A true food allergy is the body’s immune system mistaking a food component (in this case proteins in peanuts), as a sign of invasion by bacterium or virus; it then reacts by initiating a defense-the release of histamines-which causes the allergic reaction.  Such overreactions may cause mild damage, such as manifestations of discomfort, itching or rash, or severe reactions bringing life-threatening asthma or change in blood pressure or heart rhythm.  9

Peanuts are one of the most typical food allergens; these allergic reactions are the most common cause of fatal food-induced anaphylaxis, with adolescents with asthma being the highest-risk group.  Thus, it is important to check with your doctor, before eating the following recipe, or any other foods made with peanuts.  10

Applying This Peanut Lesson

When still, we are guided into that which is most beneficial for our beings.  When hurried we are prone to mistakes, such as eating-by accident-a food that causes adverse reactions in our body makeup.

Slowing down is imperative to hearing our given needs, which are unique.  Each of us must hear for ourselves what to eat nutritionally.  Likewise, we must accept inner guidance concerning all other aspects of living, so we consume only that which is true and pure.

We need to be at peace in order to attain such promise.  The Spirit encourages us: when he giveth quietness, who then can make trouble?  11

Gently, mildly (with meekness), we receive God’s provision of tranquility, so we can know what to put in our mouths, as well as our souls, from moment to moment.  As we apply this precept, it amplifies itself as increased health, in both the physical and spiritual realms, for they play off of each other.

Enjoy this powerful dessert, by following the recipe below!

References:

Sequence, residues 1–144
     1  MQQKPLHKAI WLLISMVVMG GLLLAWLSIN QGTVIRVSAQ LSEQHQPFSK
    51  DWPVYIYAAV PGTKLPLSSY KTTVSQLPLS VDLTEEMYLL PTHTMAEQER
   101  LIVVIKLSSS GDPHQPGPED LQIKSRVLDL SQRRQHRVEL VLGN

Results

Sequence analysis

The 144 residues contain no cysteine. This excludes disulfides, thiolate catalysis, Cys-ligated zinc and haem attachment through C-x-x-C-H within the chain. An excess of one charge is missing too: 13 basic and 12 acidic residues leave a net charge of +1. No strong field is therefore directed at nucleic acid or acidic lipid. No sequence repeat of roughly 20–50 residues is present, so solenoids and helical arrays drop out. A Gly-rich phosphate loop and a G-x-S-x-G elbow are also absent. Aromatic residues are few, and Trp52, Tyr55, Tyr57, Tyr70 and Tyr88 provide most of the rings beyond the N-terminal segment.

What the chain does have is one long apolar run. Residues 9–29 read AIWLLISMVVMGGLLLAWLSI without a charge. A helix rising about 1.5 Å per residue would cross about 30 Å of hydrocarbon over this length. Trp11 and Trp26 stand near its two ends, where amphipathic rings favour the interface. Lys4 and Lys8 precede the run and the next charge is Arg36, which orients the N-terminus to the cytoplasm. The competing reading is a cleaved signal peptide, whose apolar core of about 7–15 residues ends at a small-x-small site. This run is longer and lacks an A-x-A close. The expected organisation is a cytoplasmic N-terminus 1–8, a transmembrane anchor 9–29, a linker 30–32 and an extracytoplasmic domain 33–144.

1. Harold McGee, On Food and Cooking (New York: Scribner, 1984, 2004), p.510.
  2. , pp. 502, 510.
  3. , p. 510.
  4. , p. 510.
  5. , p. 510.
  6. , p. 511.
  7. , p. 511.
  8. https://www.bbc.com/news/health-46302780
  9. Harold McGee, On Food and Cooking (New York: Scribner, 1984, 2004), p.455.
  10. https://www.thermofisher.com/diagnostic-education/patient/us/en/allergy-types/food-allergies/peanut-allergy.html
  11. King James Bible, Job: 34: 29.

finished product

Legal Peanut Butter Pie  Yields: 1-10” gluten-free pie, or 10 servings.  Active prep time: 1hr/  inactive prep time for chilling: 3 hr.  Note: may freeze, to have on hand for company.

Crust

1 c almond flour

1/3 c peanut powder  (Trader Joe’s has an excellent price for this-$4.99/8 oz.)

1/2 c Monkfruit sweetener  (See Great Keto Citrus Cookies, for information on the health benefits of Monkfruit.)

1/4 tsp salt

6 tbsp of butter, melted

Spray oil

Ganache

3/4 c heavy whipping cream  (An organic one can be found at Trader Joe’s for $3.49/pt.)

1 c semi-sweet chocolate chips  (Such are high quality and inexpensive at Trader’s.)

1/2 oz of unsweetened Baker’s chocolate, for optional decoration

Filling

1 c plus 2 tbsp heavy whipping cream

8 oz cream cheese, softened

2 tsp vanilla

1/2 c Monkfruit sweetener

1 c creamy peanut butter, at room temperature

  1. moist pie crust dough

    Preheat oven to 350 degrees. Chill a med/large bowl and beaters for an electric mixer in the freezer.

  2. Melt 6 tbsp of butter in a small saucepan over med/low heat.
  3. Mix all dry ingredients for the crust in a medium bowl with a fork.
  4. pie crust formed in pan

    Add melted butter; blend with a spatula, until all dry ingredients are incorporated (mixture will be moist-see photo).

  5. Spray a 10” pie plate, preferably with coconut oil spray. With the spatula, spread the dough evenly over bottom of pan; then with fingers, pat mixture firmly into place on bottom and up sides of pie plate.  See photo.
  6. baked pie crust

    Bake for 23-25 minutes, or until golden brown on bottom-edges will be darker. (See photo.)

  7. Let cool on a rack for 10 minutes; then, place in refrigerator or freezer to finish cooling.